Chapter 6, by So, goes on to examine Cantonese. A phonological profile of Cantonese is provided. Before presenting data on phonological development in Cantonese, So surveys speech pathology services in Hong Kong. The current study reports data from 268 children aged 2 through 6 years. Results were similar to English developmental patterns. Error patterns were found to be syllabic, primarily affecting syllable initial consonants. Criteria for an error pattern were use by more than 10% of the sample at any age group. For Cantonese (and previously for standard Chinese) a consistent developmental sequence for tonal languages emerges – tones are acquired first then vowels, followed by syllable final consonants and lastly syllable initial consonants. It is suggested that although sequence of phoneme acquisition appears consistent across languages, differences in rate of acquisition may reflect the 'functional load' or communicative importance of different phonemic contrasts for a particular language. The same classification system is used as in previous chapters, facilitating cross-linguistic comparison of the impaired population. An interesting point is made that inconsistent phonological behavior may occur in the course of intervention. The similarity of disorder patterns across languages is emphasized.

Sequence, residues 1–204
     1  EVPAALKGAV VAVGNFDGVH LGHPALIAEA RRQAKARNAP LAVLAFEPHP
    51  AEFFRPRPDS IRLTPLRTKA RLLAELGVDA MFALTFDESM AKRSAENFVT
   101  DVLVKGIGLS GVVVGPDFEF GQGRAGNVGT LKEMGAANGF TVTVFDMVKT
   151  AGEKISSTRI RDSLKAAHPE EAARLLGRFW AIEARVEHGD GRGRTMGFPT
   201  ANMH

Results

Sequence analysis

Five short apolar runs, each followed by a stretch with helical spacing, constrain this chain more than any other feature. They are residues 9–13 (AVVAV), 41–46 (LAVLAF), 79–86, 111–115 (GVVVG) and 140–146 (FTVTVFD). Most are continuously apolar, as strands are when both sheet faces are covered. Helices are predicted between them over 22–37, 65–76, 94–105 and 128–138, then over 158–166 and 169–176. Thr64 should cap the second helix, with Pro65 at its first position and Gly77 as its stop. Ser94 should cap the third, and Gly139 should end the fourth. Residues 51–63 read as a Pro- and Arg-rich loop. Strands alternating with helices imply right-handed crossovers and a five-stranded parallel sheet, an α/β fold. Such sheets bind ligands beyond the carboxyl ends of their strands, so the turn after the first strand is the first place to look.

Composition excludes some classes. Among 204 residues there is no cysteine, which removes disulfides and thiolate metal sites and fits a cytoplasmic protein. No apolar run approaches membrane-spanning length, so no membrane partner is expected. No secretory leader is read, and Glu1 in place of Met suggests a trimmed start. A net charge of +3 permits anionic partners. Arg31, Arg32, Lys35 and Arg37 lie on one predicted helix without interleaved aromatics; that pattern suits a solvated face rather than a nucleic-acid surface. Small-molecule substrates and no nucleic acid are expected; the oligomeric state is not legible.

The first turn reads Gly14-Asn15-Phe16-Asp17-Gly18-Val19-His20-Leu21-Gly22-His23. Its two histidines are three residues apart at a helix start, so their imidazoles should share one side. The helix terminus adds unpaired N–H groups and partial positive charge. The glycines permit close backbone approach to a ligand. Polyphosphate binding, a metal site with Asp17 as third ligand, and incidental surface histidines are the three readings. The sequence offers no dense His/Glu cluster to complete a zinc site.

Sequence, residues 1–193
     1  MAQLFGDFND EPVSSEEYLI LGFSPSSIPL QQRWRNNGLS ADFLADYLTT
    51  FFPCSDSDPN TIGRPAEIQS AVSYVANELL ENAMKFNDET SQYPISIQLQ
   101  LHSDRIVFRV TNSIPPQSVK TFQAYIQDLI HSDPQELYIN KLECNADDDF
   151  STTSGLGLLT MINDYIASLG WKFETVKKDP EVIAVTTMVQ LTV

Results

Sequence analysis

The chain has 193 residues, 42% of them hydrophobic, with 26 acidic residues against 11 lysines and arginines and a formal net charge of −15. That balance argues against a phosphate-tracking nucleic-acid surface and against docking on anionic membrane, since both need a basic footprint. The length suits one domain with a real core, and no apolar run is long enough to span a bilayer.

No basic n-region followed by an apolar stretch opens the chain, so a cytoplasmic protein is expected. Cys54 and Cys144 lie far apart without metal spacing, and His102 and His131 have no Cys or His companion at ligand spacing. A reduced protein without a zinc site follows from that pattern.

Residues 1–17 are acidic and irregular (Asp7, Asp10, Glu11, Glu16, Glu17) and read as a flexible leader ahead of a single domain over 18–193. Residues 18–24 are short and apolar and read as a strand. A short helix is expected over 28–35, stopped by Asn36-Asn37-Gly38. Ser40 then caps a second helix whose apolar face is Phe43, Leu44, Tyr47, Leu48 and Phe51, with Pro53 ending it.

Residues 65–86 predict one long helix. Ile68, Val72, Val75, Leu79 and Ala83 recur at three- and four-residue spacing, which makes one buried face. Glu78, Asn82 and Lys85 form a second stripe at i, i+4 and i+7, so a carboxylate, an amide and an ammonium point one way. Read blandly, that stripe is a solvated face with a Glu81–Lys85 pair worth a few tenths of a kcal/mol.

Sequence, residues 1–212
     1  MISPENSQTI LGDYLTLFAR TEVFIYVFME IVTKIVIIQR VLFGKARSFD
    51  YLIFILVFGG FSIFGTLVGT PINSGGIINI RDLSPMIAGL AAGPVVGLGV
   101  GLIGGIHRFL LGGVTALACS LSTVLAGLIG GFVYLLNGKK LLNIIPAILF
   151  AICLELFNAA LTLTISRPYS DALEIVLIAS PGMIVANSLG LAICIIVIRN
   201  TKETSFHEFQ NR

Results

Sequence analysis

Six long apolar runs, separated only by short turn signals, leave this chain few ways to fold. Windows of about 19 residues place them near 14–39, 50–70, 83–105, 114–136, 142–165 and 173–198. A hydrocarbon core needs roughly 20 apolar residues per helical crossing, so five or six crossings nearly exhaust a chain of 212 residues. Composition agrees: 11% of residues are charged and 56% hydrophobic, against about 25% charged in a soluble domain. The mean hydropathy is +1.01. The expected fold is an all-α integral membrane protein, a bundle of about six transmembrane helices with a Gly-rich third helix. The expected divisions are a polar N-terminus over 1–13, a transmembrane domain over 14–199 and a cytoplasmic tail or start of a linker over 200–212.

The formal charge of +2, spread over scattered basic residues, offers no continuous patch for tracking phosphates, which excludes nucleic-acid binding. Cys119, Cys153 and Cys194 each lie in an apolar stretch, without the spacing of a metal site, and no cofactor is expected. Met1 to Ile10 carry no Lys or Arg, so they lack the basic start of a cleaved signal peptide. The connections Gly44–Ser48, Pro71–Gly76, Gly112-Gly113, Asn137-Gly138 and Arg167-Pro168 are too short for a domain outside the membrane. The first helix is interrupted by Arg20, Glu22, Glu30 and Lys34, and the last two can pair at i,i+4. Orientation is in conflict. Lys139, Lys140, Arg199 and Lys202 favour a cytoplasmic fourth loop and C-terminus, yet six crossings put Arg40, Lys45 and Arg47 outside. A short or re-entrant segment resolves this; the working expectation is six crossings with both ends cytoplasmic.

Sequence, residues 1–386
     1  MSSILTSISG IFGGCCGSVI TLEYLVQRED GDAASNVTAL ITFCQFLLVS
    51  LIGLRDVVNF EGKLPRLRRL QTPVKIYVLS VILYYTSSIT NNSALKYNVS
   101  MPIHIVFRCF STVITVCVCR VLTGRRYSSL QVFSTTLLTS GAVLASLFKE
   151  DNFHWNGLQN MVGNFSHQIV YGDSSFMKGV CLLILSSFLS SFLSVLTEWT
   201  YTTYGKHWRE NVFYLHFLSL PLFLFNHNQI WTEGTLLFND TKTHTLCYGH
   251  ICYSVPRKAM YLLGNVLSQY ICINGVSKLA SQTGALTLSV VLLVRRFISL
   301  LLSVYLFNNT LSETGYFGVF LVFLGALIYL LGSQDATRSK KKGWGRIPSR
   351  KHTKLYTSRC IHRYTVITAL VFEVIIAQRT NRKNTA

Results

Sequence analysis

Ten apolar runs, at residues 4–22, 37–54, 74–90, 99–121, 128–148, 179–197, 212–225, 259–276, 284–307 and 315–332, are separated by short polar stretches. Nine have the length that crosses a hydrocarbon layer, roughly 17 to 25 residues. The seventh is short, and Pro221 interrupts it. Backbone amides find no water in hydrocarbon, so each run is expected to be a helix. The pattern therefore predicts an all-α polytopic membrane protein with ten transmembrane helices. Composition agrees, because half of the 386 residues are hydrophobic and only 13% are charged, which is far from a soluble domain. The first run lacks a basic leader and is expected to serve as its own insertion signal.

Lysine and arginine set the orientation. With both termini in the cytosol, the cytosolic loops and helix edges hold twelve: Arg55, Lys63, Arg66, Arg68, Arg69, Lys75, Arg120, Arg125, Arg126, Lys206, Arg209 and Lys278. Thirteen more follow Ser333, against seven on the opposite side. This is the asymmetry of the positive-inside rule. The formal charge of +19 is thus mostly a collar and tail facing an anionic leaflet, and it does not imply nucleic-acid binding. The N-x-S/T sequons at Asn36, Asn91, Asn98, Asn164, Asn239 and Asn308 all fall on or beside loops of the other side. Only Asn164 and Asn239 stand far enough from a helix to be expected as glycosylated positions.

Chapter 7 by Grech continues with a report of the acquisition of Maltese. There is the brief review of the history of Maltese and its phonological characteristics. The overview is distinguished by its very clear definition of terms and the explicit theoretical orientation given for the characterization of Maltese chosen. The fact that most Maltese speakers are bilingual (English) speakers is noted. Phonological processes and morpho-phonological rules are listed. In describing the methodology of the main study reported here, Grech points out that the two different aims of developmental study require conflicting methodologies. Research into phonological processes is best suited to longitudinal studies while cross-sectional studies are more appropriate for collecting developmental norms. Grech studied 21 children's development of Maltese in spontaneous speech (to allow for cross word processes) and in a picture naming test (to promote inter-subject consistency and longitudinal intra-subject consistency). Spontaneous speech samples were minimally 50 one-word utterances and a few multiple word utterances. Criteria for defining processes, the phonetic inventory, and phoneme mastery are clearly given. Development is seen as acquisition of feature distinctions for phonemes and the development of syllable structures (which approximated the adult model earlier than did the phonemes). Development of phonological process is described in detail but only minimally compared to other languages. A section relating the interaction of Maltese morphological structure and development serves as an example of the possible interaction between the developments of different subsystems of language. A brief survey of two cases of phonological disorders and a summary of available speech therapy services follow.